Phencyclidine Dot Org

All About Phencyclidine, Also Known As PCP

PCP, a synthetically made dissociative drug, was originally intended for use as an anesthetic agent. According to the University of Maryland, PCP produces feelings of detachment from the self as well as one’s external environment. When used for recreational purposes, the risk of PCP overdose becomes a very real possibility.

pcp addiction

Loss of control over one’s movements and an unstable mental state are potential signs of overdose.

PCP effects on the brain and body can be frighteningly disturbing to the casual onlooker. In effect, a PCP overdose overwhelms the brain’s ability to regulate bodily processes leaving users in a dangerous physical and psychological state.

Since this drug normally produces drastic effects, signs of PCP overdose are fairly easy to spot. As with any overdose event, someone experiencing a PCP overdose requires immediate medical attention.

PCP Effects on the Brain

When ingested, PCP quickly enters the brain and targets the brain cell sites that produce glutamate, a vital neurotransmitter chemical. According to the Institute for Substance Abuse Treatment Evaluation, glutamate chemical levels regulate pain perception, emotional responses as well as cognitive processes.

PCP also interacts with dopamine-producing brain cells. These interactions play a bit part in producing the feelings of euphoria and energy users experience.

With a PCP overdose, the drug’s effects overwhelm the brain’s ability to maintain any form of equilibrium. Consequently, bodily processes start to shut down once brain chemical processes spin out of control

PCP Effects on the Body

PCP can produce different effects on the body depending on the dosage amount ingested. A low dose of PCP has a stimulating effect on central nervous system functions. Users will likely experience –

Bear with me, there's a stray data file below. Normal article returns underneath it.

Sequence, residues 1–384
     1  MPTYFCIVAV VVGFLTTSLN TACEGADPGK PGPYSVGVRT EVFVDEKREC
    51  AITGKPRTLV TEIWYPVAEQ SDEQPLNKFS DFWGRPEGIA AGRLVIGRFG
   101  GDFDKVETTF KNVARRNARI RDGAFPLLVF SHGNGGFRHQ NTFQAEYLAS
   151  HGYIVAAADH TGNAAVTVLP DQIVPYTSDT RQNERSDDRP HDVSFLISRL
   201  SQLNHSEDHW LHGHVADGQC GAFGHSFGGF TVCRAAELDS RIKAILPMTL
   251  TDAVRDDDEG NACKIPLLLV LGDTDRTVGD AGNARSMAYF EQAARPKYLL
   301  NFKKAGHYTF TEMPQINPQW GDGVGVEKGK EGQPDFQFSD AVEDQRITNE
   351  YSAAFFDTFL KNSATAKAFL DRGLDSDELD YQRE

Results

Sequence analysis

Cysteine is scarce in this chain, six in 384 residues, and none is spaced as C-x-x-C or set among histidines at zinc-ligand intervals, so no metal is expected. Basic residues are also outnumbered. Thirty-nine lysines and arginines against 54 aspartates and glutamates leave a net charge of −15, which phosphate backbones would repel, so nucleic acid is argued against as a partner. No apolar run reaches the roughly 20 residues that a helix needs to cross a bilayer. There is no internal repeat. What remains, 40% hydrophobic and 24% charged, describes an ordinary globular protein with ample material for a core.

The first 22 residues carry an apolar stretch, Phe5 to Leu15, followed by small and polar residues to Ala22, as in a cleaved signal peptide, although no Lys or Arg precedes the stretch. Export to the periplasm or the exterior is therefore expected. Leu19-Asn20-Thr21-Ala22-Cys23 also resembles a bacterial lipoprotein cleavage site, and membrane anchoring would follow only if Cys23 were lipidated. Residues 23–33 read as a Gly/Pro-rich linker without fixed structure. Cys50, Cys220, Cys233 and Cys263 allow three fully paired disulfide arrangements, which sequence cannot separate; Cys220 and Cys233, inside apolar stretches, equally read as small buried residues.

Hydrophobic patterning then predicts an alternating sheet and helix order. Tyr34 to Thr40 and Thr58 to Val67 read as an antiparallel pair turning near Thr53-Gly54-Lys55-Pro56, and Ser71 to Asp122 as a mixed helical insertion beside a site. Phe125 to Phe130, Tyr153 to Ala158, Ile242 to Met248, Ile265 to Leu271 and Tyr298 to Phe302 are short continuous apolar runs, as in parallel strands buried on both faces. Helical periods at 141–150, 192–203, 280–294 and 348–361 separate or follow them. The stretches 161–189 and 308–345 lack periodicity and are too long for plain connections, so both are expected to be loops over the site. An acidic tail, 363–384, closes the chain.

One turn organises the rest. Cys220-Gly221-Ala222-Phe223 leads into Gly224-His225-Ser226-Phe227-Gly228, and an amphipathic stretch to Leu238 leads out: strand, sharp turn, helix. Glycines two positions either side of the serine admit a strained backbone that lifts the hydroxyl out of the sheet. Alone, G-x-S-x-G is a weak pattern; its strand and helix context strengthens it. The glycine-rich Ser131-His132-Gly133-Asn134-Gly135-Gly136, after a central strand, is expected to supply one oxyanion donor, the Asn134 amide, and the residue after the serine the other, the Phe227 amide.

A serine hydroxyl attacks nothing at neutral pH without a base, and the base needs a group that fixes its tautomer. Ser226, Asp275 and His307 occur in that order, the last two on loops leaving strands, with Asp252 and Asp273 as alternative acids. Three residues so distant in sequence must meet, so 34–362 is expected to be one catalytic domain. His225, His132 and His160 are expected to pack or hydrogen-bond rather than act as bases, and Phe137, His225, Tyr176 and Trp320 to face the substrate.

• An increase in breathing rates
  • Elevated blood pressure levels
  • Increase in pulse rates
  • Excess sweating
  • A rise in body temperature level

In high doses, PCP has an opposite effect in that it slows down central nervous system processes causing –

  • Decreases in blood pressure level
  • Decrease in pulse rate
  • Decrease in respiration
  • A distorted sense or awareness of one’s body

The risk of PCP overdose increases the larger the dosage amount.

PCP Overdose Symptoms

PCP’s effects on the mind offer the most visible signs of an overdose episode. Since PCP disrupts the brain’s cognitive and emotional functions, a person enters into a world of “make-believe” as chemical levels skew widely out of balance, according to the U. S. National Library of Medicine. In effect, the drug produces an altered state of consciousness that may or may not be able to regulate vital bodily processes.

When too large a dose is ingested, overdose symptoms to watch out for include –

  • Violent behavior displays
  • Convulsions
  • Inability to control one’s movements
  • Loss of coordination
  • Comatose state
  • Rapid, side-to-side eye movements
  • Hallucinations

Considerations

While the physical effects of a PCP overdose can be life threatening, the mental state a person is in poses just as much of a threat to his or her overall safety. An altered state of consciousness can drive a person to jump off a building, attack someone else or mutilate his or herself. In effect, overdose episodes can leave users in a psychotic state that lasts for days or even weeks at a time.

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